These sorts of coders won’t have the deep knowledge to craft wild new algorithms for flash trading or neural networks. Why would they need to? That level of expertise is rarely necessary at a job. But any blue-collar coder will be plenty qualified to sling Java¬≠Script for their local bank. That’s a solidly middle-class job, and middle-class jobs are growing: The national average salary for IT jobs is about $81,000 (more than double the national average for all jobs), and the field is set to expand by 12 percent from 2014 to 2024, faster than most other occupations.

After all, demand is only going to increase as we become more reliant on computing technologies. And it’s not as if coding is work reserved for the likes of hot-shot Silicon Valley startup founders. Even I’ve coded in the past.

In Kentucky, mining veteran Rusty Justice decided that code could replace coal. He cofounded Bit Source, a code shop that builds its workforce by retraining coal miners as programmers. Enthusiasm is sky high: Justice got 950 applications for his first 11 positions. Miners, it turns out, are accustomed to deep focus, team play, and working with complex engineering tech. “Coal miners are really technology workers who get dirty,” Justice says.

Related: , ,

Cutie Keys, a virtual keyboard for virtual reality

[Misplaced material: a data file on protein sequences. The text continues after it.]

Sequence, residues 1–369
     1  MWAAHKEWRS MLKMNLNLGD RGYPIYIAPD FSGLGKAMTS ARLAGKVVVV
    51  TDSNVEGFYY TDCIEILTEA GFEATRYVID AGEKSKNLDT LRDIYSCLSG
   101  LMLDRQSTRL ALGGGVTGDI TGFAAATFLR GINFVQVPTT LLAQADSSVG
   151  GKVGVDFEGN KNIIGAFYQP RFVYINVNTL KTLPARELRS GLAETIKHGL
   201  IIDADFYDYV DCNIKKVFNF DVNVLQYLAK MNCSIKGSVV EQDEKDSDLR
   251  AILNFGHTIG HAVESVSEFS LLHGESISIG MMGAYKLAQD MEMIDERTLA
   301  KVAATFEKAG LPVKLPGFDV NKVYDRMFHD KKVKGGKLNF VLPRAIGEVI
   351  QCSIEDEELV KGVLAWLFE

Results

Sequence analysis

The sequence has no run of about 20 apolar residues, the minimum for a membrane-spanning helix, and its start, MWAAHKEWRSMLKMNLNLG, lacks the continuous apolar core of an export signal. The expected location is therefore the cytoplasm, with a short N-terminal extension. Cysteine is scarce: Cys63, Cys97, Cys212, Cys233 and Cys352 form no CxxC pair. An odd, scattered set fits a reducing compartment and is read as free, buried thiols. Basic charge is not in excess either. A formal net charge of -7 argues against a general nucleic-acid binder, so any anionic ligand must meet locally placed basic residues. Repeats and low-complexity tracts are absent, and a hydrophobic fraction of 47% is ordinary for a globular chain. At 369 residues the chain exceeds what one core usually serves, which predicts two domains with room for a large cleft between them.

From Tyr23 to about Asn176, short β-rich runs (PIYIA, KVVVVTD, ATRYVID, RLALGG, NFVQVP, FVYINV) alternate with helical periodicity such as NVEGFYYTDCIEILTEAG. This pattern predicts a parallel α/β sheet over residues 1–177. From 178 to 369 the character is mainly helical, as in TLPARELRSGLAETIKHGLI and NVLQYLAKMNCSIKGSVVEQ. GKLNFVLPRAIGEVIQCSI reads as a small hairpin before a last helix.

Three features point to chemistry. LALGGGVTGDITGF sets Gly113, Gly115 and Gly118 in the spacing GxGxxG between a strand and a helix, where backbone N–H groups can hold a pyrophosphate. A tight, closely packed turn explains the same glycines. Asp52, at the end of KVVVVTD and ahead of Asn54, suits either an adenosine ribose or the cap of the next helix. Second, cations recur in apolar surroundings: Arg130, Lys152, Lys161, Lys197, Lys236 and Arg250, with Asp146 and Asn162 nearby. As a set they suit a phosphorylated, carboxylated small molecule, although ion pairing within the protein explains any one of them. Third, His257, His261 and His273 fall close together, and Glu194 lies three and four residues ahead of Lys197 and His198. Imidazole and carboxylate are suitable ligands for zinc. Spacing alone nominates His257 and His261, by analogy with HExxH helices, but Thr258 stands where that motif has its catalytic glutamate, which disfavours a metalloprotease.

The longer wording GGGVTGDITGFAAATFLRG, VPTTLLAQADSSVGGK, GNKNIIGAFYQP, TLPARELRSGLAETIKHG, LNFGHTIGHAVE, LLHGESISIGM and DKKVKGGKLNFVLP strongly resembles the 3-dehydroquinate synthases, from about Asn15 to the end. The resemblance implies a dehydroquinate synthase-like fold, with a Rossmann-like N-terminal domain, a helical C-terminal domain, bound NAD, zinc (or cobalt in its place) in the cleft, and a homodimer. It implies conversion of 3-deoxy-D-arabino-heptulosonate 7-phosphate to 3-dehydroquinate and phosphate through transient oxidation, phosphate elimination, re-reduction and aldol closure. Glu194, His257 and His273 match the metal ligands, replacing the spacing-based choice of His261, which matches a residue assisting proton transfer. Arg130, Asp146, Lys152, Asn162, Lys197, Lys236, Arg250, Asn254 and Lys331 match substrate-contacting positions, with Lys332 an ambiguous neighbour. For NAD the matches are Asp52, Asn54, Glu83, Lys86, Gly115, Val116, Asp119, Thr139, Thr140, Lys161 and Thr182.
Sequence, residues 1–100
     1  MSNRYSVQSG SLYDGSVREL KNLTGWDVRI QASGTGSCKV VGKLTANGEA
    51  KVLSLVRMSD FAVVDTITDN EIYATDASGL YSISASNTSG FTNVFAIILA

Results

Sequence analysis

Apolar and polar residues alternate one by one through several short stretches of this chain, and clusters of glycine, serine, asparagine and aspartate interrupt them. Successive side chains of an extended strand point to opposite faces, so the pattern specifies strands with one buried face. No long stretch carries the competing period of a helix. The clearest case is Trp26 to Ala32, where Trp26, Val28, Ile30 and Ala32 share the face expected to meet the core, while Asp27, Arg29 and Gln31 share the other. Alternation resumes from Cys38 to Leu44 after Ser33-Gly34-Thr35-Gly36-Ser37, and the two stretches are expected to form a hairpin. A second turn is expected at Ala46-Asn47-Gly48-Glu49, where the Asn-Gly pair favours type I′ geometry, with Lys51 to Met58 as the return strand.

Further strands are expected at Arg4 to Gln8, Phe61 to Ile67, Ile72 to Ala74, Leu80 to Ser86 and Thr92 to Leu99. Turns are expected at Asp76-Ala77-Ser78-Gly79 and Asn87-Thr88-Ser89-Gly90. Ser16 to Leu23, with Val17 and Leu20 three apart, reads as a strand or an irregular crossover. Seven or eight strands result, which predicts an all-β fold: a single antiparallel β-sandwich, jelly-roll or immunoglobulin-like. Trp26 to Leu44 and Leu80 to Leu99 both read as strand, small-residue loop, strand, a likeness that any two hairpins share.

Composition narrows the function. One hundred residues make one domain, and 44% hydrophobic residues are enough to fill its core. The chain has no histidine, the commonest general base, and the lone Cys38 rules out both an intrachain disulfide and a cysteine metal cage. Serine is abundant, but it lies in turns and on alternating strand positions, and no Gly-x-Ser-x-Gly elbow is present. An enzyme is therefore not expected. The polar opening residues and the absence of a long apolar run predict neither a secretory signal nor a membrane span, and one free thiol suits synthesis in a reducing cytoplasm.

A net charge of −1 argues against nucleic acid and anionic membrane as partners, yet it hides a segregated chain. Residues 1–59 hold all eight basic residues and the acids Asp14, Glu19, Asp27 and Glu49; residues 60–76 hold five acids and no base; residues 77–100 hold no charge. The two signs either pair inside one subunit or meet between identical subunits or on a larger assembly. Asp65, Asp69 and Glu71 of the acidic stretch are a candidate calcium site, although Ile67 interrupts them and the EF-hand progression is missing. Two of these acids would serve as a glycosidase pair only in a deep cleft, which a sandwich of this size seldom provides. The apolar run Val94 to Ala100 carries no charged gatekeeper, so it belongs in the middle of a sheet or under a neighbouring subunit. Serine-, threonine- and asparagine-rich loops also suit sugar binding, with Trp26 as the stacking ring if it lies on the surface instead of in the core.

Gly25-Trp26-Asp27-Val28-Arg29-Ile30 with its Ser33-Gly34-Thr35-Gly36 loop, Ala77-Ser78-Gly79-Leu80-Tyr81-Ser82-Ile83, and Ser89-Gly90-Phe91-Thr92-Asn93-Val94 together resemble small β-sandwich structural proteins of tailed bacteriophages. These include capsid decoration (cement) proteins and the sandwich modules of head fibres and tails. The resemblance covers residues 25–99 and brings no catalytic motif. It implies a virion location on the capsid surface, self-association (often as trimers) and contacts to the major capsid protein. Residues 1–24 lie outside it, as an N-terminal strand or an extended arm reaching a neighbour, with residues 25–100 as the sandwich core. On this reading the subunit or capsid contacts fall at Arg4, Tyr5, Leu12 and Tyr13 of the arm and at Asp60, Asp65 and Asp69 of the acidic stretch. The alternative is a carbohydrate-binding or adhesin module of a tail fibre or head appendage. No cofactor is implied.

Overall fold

Wednesday, 8 February, 2017

In the not to distant future we may find ourselves switching from one virtual reality realm to another. That sounds kind of cool, but have you given any thought to how you will use a keyboard in this domain? Or if that’s even possible in the first place?

If you’ve not, then Cutie Keys, a virtual keyboard, that lets you type as if you were drumming, created by technology and computer company Normal, could be what you’re looking for.

Via prosthetic knowledge.

Related: , ,

You mightn’t like what you see, this is what flying cars will look like

Monday, 6 February, 2017

Flying car prototype by Airbus

When I first heard about the concept of flying cars, way, way, back in the day, I envisaged a pretty much normal car that was somehow capable of flight. Much like the DeLorean from Back to the Future Part II, for instance. That such a vehicle was able to fly, was more important than how it could fly. Aerodynamics be damned, and all.